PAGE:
Researchers regularly make discoveries in the reading rooms of the Department of Rare Books and Special Collections. Curators, catalogers, and conservators can make their own discoveries when describing and preparing materials for research use. A case in point is the recent recovery of Mayan textual fragments during conservation treatment of an eighteenth-century Latin American manuscript in the Garrett-Gates Collection of Mesoamerican Manuscripts (C0744.01, no. 177), gift of Robert Garrett (1875-1961), Class of 1897. It was written in 1759 by a scribe named Tomás Ossorio, at San Sebastián Lemoa, Guatemala, and is one of nearly 300 Mesoamerican manuscripts, documents, and related items in the Manuscripts Division, each written in whole or part in one of the indigenous languages of the Americas. Garrett acquired most of his Mesoamerican manuscripts from the collection of William Gates (1863-1940).
This Mesoamerican manuscript contains a single text: Domingo de Vico (1485-1555), Teologia indorum, translated from Latin into K’iche’ (or Quiché), a Mayan language spoken by the people of central Guatemala. It was written in the Roman alphabet and disseminated by scribal copying during the Contact Period. Vico was a Dominican friar, who left his native Spain for the Kingdom of New Spain. He prepared this treatise in Chiapas, Mexico, for the use of Dominicans at the parish level to interact with the indigenous populations and their ancestral religious beliefs, which Spanish conquerors and missionaries viewed as a form of “idolatry.” The Teologia indorum is filled with brief Christian lessons drawn from the New Testament and lives of the saints, with explanations of basic Christian concepts. Vico’s text was translated by native speakers into the Mesoamerican languages of K’iche’, Kaqchikel, and Tzutuhil between the sixteenth and eighteenth centuries. The present manuscript includes pen-and-ink drawings, perhaps the work of the scribe himself, depicting the Cross with the Virgin Mary and St. John (fol. 1 v); and the Virgin Mary and Christ Child (fol. 113v). In total, there are at least a dozen extant manuscripts of Vico’s text in translation, of which Princeton has seven (C0744.01, nos. 175-180, 227) and the Bibliothèque Nationale de France (Paris) has five.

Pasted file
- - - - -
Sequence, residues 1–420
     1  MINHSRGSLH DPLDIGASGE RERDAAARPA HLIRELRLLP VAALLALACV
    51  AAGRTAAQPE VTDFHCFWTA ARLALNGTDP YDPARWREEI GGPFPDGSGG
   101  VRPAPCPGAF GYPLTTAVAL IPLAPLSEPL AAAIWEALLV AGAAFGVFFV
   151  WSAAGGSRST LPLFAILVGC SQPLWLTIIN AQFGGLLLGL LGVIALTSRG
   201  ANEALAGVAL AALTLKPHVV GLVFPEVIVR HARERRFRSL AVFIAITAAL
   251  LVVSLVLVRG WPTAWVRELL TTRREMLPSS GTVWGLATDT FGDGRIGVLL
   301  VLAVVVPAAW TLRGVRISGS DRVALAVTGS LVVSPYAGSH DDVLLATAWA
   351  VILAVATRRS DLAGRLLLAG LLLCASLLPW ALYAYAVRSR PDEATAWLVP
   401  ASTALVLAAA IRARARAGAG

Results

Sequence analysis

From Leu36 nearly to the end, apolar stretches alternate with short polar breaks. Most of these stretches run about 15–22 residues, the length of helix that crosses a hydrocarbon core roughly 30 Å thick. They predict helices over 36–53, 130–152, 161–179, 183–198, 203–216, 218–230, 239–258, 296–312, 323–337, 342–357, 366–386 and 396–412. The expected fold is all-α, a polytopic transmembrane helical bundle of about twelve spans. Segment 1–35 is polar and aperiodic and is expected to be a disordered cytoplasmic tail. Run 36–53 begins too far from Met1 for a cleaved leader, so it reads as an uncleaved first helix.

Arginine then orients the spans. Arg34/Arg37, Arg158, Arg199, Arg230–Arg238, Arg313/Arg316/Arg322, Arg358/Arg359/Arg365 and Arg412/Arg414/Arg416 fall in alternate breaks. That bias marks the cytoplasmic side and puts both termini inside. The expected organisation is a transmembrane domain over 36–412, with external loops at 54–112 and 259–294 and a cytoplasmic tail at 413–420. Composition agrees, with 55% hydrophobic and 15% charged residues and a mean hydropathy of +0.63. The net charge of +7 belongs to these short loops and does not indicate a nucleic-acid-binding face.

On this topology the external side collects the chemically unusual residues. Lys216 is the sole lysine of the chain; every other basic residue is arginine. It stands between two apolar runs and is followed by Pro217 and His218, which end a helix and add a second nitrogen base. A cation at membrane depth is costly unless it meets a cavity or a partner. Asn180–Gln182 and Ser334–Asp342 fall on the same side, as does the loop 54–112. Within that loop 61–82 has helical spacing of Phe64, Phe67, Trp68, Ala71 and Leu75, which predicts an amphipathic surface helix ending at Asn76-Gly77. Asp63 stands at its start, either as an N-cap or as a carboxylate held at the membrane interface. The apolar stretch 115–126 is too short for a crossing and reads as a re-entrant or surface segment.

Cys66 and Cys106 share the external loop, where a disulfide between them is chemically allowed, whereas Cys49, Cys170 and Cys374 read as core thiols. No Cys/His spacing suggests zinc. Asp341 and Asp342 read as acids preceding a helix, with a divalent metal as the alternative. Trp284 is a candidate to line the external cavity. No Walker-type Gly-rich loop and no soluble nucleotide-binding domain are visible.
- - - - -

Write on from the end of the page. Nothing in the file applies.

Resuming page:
When the manuscript arrived in the Library in 1949, it was in a crudely made, repeatedly repaired one-piece animal-hide cover or wrapper, not a contemporary binding. The binding was dysfunctional and was damaging the fragile paper leaves. Whoever was responsible for this later binding had ignored original folio numbers and bound the manuscript out of order. Moreover, one could see portions of five leaves of unrelated contemporary K’iche’ text, written in different hands. These leaves were upside down relative to the Vico text and lined the inside of the animal-hide cover that wrapped around the text block The lining was possibly an attempt to stiffen the wrapper. Mick LeTourneaux, Book Conservator in the Library’s Preservation Office, disbound the manuscript, cleaned and mended the text leaves, reassembled them in the correct order, and rebound the manuscript in a conservation binding employing long-stitch sewing for flexibility. LeTourneaux was able to recover the unrelated text leaves from inside the cover. These leaves were then separated, mended, encapsulated, and rehoused in a custom drop-spine box, along with the rebound manuscript and animal-hide cover.
Don C. Skemer, Curator of Manuscripts, sent digital images of the recovered leaves to Matthew Restall, Edwin Erle Sparks Professor of Latin American History and Anthropology, and Director of Latin American Studies, at Pennsylvania State University. Restall has been a frequent research visitor to the Department of Rare Books and Special Collections. He reads several Mayan languages and does research on the ethnohistory of the Yucatan and Mexico, Guatemala, and Belize. Scott Cave and Megan McDonie, two of Restall’s graduate students, studied the digital images and were able to identify three folios of prayers and other liturgical text, written in K’iche’ with some crossover into Kaqchikel. Like most Mesoamerican religious texts of this era, the text incorporates Christian sacred names and other loan words in Spanish and Latin. The remaining two folios are in K’iche’ and may deal with church business. The texts did not precisely match any known texts and will require more study.
The Manuscripts Division has been working with the Preservation Office for years to conserve scores of Mesoamerican manuscripts that came to the Library in poor condition nearly seventy years ago. Several of the manuscripts have also been digitized in the Library’s Digital Studio and added to “Treasures of the Manuscripts Division,” in the Princeton University Digital Library (PUDL). For more information about the collection, contact Public Services, at email@example.com